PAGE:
Saturday, October 14, 2017

National League Championship Series Preview

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The 2017 National League Championship Series is finally set.

Thursday night the Chicago Cubs knocked off the Washington Nationals in Game Five of the NLDS (CHC 9, WAS 8) to clinch a spot in the NLCS. The Los Angeles Dodgers, meanwhile, earned an NLCS spot earlier this week when they swept the Arizona Diamondbacks in three games.

The Dodgers had baseball's best record during the regular season, going 104-58 with a +190 run differential. The Cubbies went 92-70 with a +127 run differential, so while they won the NL Central and had an excellent record, they were still 12 games back of Los Angeles in the overall standings.

Here is the NLCS schedule and pitching matchups:

Date & Time


Pitching Matchup

Game 1

Sat., Oct. 14 at 8pm ET

Dodger Stadium

Clayton Kershaw vs. TBA

Game 2

Sun., Oct 15 at 7:30pm ET

Dodger Stadium

Rich Hill vs. TBA

Game 3

Tues., Oct. 17 at 9pm ET

Wrigley Field

Yu Darvish vs. TBA 

Game 4

Weds., Oct. 18 at 9pm ET (or 8pm ET if ALCS is over)

Wrigley Field

Alex Wood vs. TBA

Game 5*

Thurs. Oct. 19 at 8pm ET

Wrigley Field


Game 6*

Sat., Oct. 21 at 4pm ET (of 8pm ET if ALCS is over)

Dodger Stadium

TBA vs. TBA 

Game 7*

Sun., Oct 22 at 7:30pm ET

Dodger Stadium

TBA vs. TBA 

* Games 5-7 are if necessary in the best-of-seven series.

A strong case can be made the Dodgers and Cubs are the two current teams most likely to be baseball's next dynasty. The Cubs of course won the World Series last season, and their excellent young position player core ensures they'll remain in contention for years to come. The Dodgers have a very good young core as well, not to mention gobs of money and a farm system that is still producing quality players.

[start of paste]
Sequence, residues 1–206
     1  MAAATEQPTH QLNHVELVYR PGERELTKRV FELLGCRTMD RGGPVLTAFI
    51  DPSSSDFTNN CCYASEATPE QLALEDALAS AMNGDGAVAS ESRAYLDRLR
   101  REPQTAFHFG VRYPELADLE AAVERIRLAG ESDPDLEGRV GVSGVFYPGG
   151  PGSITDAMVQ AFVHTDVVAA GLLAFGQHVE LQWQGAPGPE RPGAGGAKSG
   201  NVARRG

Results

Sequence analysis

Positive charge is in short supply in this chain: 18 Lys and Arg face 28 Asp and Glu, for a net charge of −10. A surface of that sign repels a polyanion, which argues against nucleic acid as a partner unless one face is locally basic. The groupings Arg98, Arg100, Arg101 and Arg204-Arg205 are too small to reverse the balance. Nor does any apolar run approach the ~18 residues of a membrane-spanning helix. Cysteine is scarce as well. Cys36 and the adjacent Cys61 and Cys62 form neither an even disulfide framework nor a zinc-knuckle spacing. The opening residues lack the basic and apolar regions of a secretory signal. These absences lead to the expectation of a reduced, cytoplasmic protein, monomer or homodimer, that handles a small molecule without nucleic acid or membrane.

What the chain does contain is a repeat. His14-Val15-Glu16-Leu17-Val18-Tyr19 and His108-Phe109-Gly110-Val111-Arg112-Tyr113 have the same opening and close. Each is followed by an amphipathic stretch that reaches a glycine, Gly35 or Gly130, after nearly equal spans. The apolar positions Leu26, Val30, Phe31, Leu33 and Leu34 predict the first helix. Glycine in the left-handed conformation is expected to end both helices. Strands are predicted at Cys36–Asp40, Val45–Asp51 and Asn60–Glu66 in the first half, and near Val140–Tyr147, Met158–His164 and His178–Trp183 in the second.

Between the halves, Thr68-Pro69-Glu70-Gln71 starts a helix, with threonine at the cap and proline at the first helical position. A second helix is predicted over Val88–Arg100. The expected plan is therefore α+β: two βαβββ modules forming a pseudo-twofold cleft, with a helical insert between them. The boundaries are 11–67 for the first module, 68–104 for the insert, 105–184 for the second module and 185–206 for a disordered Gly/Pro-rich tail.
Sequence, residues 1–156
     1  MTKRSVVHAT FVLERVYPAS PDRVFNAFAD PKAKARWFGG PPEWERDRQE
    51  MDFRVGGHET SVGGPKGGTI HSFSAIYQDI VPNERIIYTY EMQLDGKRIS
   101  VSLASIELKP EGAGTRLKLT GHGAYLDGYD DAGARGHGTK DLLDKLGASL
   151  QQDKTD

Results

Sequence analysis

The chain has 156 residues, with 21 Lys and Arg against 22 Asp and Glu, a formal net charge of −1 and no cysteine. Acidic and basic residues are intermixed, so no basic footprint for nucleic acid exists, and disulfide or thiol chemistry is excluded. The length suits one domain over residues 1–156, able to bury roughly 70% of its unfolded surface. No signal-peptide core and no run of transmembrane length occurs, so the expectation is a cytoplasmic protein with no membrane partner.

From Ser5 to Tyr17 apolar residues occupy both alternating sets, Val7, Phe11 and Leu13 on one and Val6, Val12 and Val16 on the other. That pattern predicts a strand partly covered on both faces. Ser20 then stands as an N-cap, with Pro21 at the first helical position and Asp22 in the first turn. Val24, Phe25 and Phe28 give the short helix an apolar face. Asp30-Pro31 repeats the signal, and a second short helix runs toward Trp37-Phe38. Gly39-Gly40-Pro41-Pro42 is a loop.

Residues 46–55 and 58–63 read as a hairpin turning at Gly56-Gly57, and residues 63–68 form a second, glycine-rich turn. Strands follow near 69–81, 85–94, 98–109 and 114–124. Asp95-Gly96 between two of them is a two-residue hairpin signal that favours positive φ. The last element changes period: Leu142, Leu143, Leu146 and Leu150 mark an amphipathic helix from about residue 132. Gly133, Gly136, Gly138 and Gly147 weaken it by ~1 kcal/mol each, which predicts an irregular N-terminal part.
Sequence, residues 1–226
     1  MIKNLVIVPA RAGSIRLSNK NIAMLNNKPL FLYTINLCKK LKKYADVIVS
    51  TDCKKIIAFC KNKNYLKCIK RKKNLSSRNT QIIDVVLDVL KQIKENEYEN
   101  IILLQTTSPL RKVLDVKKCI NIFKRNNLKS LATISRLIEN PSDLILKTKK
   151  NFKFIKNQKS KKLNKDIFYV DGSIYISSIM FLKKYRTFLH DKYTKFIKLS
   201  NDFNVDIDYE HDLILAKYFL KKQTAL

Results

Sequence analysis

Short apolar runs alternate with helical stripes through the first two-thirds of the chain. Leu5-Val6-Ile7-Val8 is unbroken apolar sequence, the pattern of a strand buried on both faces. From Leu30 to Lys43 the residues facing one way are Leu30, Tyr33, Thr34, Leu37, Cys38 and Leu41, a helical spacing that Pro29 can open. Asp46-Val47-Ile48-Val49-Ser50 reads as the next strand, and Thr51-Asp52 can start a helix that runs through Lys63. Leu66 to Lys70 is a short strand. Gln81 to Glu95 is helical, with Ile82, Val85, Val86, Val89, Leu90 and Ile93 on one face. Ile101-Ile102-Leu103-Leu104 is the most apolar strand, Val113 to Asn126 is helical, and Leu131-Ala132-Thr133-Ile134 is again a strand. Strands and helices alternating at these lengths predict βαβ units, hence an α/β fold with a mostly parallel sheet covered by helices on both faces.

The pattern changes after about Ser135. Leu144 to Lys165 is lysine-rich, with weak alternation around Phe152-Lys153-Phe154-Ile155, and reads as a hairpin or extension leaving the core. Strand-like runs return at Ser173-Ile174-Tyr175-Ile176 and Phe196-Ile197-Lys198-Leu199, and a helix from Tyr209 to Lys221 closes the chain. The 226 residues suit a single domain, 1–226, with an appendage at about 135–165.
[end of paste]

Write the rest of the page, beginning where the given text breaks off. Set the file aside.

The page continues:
Furthermore, the Dodgers and Cubs both have brilliant front offices with a strong track record of developing talent internally and identifying undervalued players with other teams. Under Theo Epstein, the Cubs have shown more willingness to really go for it with an aggressive trade at the deadline. The Dodgers made their first true all-in trade deadline move under Andrew Friedman this year, when they brought in Darvish.

Here are seven things to know about this year's NLCS.

This is a rematch of the 2016 NLCS

These two clubs met last year in the NLCS, as you may remember. The Cubs won the series in six games despite being shut out in Games 2 and 3. There were a few days there when "why can't the Cubs hit in the postseason?" was a thing. Here are the final scores:

    Game 1: CHC 8, LAD 4 (box score)
    Game 2: LAD 1, CHC 0 (box score)
    Game 3: LAD 6, CHC 0 (box score)
    Game 4: CHC 10, LAD 2 (box score)
    Game 5: CHC 8, LAD 4 (box score)
    Game 6: CHC 5, LAD 0 (box score)

Of course, the 2017 Cubs are not the 2016 Cubs, and the 2017 Dodgers are not the 2016 Dodgers. Based on their regular season records and nothing more, the 2017 Dodgers are better than the 2016 Dodgers and the 2017 Cubs aren't as good as the 2016 Cubs. Yes, this is a rematch of last year's NLCS. It certainly doesn't mean it'll play out in a similar fashion.
The Dodgers won the season series

Since these two clubs are in different divisions, the Cubs and Dodgers played only two three-game series during the regular season. The Cubs won two of three at Wrigley Field in April, in their first home series of the year. They raised their 2016 World Series banner before the series opener and walked off with a win in that game.

The Dodgers returned the favor by sweeping three games from the Cubs at Dodger Stadium in May. It's been a while since these two teams have seen each other.
Chicago's pitching staff is gassed

Game 4 of the NLDS between the Cubs and Nationals was rained out, meaning Games 4 and 5 were played on consecutive days. There wasn't the usual off-day for travel between Games 4 and 5. Brian Duensing, Carl Edwards Jr., and Wade Davis all pitched in both Games 4 and 5, with Davis throwing 44 pitches in 2 1/3 innings as part of a seven-out save in Game 5. He has to be running on fumes.

Furthermore, the Cubs used Jon Lester in relief in Game 4, and let him throw 55 pitches in 3 2/3 innings. He won't be on regular rest until Game 3 of the NLCS. Also, Jose Quintana, who is expected to start Game 1 of the NLCS, threw 12 pitches and got two outs out of the bullpen in Game 5. The Cubs are apparently still comfortable letting him work Game 1.